How can we ensure that we've captured the right information in our SWOT analysis?

We've looked at so many aspects of the Sales and Order Entry process that our heads are spinning with all the information. How can we ensure that we've captured the right information in our SWOT analysis?
A SWOT analysis (Strengths, Weaknesses, Opportunities, and Threats) can be a good way to harvest lots of relevant information about a topic in a single pass. Here are some tips to ensure that your SWOT analysis process captures the right information:
  • Have you clearly defined the topic? Do you clearly understand what it is you'll analyze? Is it a business entity (e.g., a team or functional area)? Is it a process? A solution? An individual? Because the analysis can be very broad, it is important to have a good definition of the focus of the effort, otherwise a great deal of time could be spent with limited results. Be sure you've stated accurately and clearly what you'll analyze. Look back at the problem statement to determine where the focus of the analysis should be: If you're analyzing a Sales and Order Entry process, should the analysis cover the quality of orders or the capacity of the system? Knowing the key focus areas would help narrow the evaluation of Strengths, Weaknesses, Opportunities and Threats to the particular problem being addressed, versus on the entire business process and players involved. ''.
  • What are you trying to accomplish? Why did you choose a SWOT analysis instead of some other analysis technique? Why did you choose to conduct a SWOT analysis on this particular entity? Be sure you understand what you hope to gain from the analysis. Take the time to think through what information might come from the analysis, and whether it will answer the open questions. A brief trial of the analysis and assessment of the quick results will help determine if you are using the right tool to get at the desired information.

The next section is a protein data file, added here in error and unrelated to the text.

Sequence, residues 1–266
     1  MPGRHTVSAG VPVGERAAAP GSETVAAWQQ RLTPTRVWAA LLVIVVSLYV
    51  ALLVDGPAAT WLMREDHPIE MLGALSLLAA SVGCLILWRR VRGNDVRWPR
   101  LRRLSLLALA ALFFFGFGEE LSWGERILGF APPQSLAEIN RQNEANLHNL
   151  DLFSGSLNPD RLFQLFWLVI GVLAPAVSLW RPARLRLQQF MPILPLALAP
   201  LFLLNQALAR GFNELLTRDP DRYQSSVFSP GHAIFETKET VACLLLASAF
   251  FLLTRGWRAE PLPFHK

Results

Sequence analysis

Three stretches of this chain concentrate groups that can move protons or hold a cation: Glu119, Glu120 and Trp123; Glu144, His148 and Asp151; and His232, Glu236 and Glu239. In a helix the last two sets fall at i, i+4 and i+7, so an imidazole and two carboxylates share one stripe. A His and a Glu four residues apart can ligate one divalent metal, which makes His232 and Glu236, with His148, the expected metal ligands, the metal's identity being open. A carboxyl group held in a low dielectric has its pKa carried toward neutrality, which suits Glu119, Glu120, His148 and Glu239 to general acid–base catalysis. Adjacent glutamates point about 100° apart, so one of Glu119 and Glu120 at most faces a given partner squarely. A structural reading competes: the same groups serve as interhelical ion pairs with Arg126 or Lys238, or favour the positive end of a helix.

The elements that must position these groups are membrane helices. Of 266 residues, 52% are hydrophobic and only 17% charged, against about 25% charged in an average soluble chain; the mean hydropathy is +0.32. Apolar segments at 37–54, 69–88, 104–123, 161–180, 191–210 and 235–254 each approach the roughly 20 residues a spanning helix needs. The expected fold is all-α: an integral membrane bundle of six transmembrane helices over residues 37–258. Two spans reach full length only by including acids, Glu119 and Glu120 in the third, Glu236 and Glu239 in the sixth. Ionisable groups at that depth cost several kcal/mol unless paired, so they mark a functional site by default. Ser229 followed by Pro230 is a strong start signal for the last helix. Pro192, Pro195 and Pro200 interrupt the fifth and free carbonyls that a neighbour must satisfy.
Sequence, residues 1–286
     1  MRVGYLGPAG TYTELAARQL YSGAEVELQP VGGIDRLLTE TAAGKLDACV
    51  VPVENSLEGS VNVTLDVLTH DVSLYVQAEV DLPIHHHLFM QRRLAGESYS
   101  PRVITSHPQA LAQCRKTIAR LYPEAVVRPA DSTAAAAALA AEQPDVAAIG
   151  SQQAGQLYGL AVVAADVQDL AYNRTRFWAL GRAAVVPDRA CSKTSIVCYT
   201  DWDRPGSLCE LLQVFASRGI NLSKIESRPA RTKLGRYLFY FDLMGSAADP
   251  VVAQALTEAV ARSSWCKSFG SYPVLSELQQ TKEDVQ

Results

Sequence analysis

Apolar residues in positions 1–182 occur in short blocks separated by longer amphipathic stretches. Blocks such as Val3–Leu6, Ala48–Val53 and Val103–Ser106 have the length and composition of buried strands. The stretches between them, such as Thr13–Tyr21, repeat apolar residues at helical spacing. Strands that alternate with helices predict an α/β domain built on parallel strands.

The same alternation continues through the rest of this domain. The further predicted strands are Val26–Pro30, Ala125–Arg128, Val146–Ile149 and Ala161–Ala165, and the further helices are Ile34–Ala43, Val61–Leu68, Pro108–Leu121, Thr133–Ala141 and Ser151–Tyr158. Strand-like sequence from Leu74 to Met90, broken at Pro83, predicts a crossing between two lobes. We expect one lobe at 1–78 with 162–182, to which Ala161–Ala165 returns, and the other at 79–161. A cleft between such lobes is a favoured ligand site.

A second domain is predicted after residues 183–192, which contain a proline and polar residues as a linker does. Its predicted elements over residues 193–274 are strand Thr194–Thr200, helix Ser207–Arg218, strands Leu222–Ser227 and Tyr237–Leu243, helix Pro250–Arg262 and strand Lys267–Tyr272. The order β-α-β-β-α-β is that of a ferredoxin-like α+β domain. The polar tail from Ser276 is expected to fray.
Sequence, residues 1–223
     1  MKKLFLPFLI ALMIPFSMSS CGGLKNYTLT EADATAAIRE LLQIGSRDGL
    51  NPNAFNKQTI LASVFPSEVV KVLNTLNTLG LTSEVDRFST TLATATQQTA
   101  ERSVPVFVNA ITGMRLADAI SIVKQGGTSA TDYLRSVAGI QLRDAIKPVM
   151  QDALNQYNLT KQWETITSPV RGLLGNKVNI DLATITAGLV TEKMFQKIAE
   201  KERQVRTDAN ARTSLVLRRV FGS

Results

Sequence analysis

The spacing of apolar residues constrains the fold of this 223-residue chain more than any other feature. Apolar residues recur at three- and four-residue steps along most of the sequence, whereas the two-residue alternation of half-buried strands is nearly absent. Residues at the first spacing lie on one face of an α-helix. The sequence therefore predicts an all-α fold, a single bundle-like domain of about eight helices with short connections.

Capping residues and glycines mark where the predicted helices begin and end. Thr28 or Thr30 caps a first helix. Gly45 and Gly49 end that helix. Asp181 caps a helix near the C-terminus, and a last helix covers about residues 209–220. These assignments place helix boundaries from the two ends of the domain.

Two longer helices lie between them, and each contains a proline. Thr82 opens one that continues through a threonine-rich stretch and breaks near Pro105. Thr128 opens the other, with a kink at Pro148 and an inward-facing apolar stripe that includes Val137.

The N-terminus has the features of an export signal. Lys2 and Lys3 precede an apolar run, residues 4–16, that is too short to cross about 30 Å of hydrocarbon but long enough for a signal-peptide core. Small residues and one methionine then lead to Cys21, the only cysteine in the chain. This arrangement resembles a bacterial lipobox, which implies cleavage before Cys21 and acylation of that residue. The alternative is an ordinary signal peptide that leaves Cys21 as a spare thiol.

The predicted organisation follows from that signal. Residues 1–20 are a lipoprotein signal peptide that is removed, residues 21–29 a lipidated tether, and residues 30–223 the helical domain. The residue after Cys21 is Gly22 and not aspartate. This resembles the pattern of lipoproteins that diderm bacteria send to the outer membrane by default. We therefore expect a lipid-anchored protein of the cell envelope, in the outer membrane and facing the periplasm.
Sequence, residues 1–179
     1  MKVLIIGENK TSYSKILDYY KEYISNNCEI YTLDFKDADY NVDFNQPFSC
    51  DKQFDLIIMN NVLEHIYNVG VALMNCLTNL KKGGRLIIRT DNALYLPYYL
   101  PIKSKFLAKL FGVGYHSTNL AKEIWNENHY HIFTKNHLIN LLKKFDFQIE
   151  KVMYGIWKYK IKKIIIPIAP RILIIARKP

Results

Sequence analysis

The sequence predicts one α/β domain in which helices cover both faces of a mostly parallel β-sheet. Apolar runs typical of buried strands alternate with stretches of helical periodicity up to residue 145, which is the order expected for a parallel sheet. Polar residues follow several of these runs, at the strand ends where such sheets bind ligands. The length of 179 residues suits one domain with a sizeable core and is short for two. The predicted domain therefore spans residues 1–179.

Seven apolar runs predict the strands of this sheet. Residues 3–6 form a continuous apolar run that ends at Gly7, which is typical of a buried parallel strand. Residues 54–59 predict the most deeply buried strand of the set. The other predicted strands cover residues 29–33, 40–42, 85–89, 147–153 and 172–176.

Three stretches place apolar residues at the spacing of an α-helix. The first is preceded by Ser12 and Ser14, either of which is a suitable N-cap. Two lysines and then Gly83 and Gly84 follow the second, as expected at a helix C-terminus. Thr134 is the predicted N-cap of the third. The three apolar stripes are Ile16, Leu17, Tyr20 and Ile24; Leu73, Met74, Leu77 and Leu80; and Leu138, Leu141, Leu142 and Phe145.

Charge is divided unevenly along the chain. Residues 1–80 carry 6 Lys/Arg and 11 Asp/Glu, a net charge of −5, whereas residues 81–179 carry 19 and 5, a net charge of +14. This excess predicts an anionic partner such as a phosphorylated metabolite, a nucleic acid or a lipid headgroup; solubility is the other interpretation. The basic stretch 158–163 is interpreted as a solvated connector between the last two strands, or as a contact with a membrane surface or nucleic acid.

• Are you asking the right people? Have you talked to everyone who has a substantially different view of the topic? Have you talked to everyone with a stake in the outcome—i.e., reviewed the Stakeholder Analysis for candidates to talk with? ''. What's important is that you get as complete a perspective as possible about the subject of the analysis, from all sides and points of view. The resulting information will be much richer and may present new information not previously considered. Will everyone be comfortable sharing their input? Be sure that you've asked the right players to join the conversation, and that you've set the stage for active, safe participation.
  • Are you considering all the angles? Be sure you've covered the bases when it comes to understanding the business entity: its internal workings (its strengths and weaknesses), and the external factors that influence it (opportunities and threats). Be sure to consider what's going well and what's helpful (strengths and opportunities), what's going badly, and what's harmful (weaknesses and threats).
  • Are you keeping it relevant? Try to be an objective facilitator who helps keep the conversation focused on the topic at hand. Leverage recent examples—for example, from the last 6-18 months—instead of letting participants rehash ages-old stories that no longer apply. Keep the focus of the discussion in plain view, and keep the team focused within the boundaries of the subject, the problem statement, and the project objective. These will help the group focus the conversation, and allow the facilitator to objectively keep things on track.










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